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Mohit Sen (Bengali: মোহিত সেন) born on 24 March 1929, in Calcutta, and died in Hyderabad on 3 May 2003 was a communist intellectual. He was general secretary of the United Communist Party of India at the time of his death.
Sen was born into a progressive and westernised Brahmo Samaj family. His father, Justice Amarendra Nath Sen, was a judge of the Calcutta High Court and his mother, Mrinalini Sen (née Sinha), was an eminent dancer. His paternal grandfather was an Advocate General of Burma. His maternal grandfather was Major N.P. Sinha, a member of the Indian Medical Service and his mother's elder uncle was Lord Satyendra Prasanno Sinha, the first Indian Governor of Bihar. On his mother's side he came from the zamindari family of Raipur in Birbhum, a district in present-day West Bengal. He had five other brothers, the eldest of whom was Sh. Pratap Chandra Sen, a student of history at Presidency College, Calcutta, who rose to a high position in a mercantile firm in Calcutta in spite of remaining a closet communist. Mohit Sen had his early education at the Presidency College, Calcutta, where he was a student of Professor Susobhan Sarkar. Later he studied at the University of Cambridge, UK.
While in Cambridge, in 1948, he joined the Communist Party of India (CPI) as a 'candidate-member'. Also in Cambridge he met and married Vanaja Iyengar, who became an eminent mathematician later, in 1950. After marriage the couple moved to the People's Republic of China. Sen went to the China International Communist School in Beijing between 1950 and 1953. After his return to India, Mohit Sen worked in the CPI central office in New Delhi and also for its publishing house during 1953–62. Later he became party organiser and teacher in Andhra Pradesh.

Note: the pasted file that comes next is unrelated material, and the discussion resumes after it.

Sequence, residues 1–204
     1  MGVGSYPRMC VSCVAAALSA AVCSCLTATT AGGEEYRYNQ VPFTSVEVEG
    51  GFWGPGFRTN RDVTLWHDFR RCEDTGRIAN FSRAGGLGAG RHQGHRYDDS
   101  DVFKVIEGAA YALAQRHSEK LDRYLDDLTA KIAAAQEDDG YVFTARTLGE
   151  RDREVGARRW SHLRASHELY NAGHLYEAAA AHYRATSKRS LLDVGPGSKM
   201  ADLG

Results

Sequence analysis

Mohit Sen arrived in India during a period when India had won her independence. The appraisal of the CPI at that time was that the country had not really got freedom, but was still a 'semi-colony' of Britain. The following words of Jawaharlal Nehru, who was then prime minister, to visiting Soviet leaders Nikolai Bulganin and Nikita Khrushchev in 1955, aptly summarises the CPI's position then:
Until this year (1955) the Communist Party was saying that Indian people were not independent; they even opposed our National Day celebrations.... They also said that when they were in doubt about the right line of action, they had to get directions from the Soviet Union. Early in 1951–52, some principal leaders of the Communist Party went to Moscow secretly, that is without passports. They came back and said that they had got directions from Mr. Joseph Stalin. At least this is what they said. The line then laid down was one of full opposition (to the Government) and, where possible, petty insurrections.
Mohit Sen stood for collaboration with Congress for fighting against imperialist forces. When the CPI split, and gave rise to a new party, the Communist Party of India, Sen remained with the original CPI, under chairmanship of S.A. Dange, which was following nationalist line. He became a national council member of CPI in 1966 and was elected to party central executive committee in 1971. Sen parted ways with the CPI, following its anti-Congress stand, in 1978, following Indira Gandhi's emergency and subsequent failure in the election. In 1985, Sen joined the Indian Communist Party and when it merged with the All India Communist Party in 1988 to become United Communist Party of India, Sen became its general secretary, a post he held for 15 years till his death. He was married to Vanaja Iyengar, a mathematician, Padma Shri awardee and founder vice chancellor of Sri Padmavati Mahila Visvavidyalayam and at the time of his death, Sen, 74, was a widower and had no children.
Sen was a prolific writer; credited to him are following books:
He published his autobiography A Traveller and the Road: A Journey of an Indian Communist in March 2003, few months before his death. The book brought out Sen's evolution as an independent leftist thinker. Eric Hobsbawm, the historian, had opined about the book that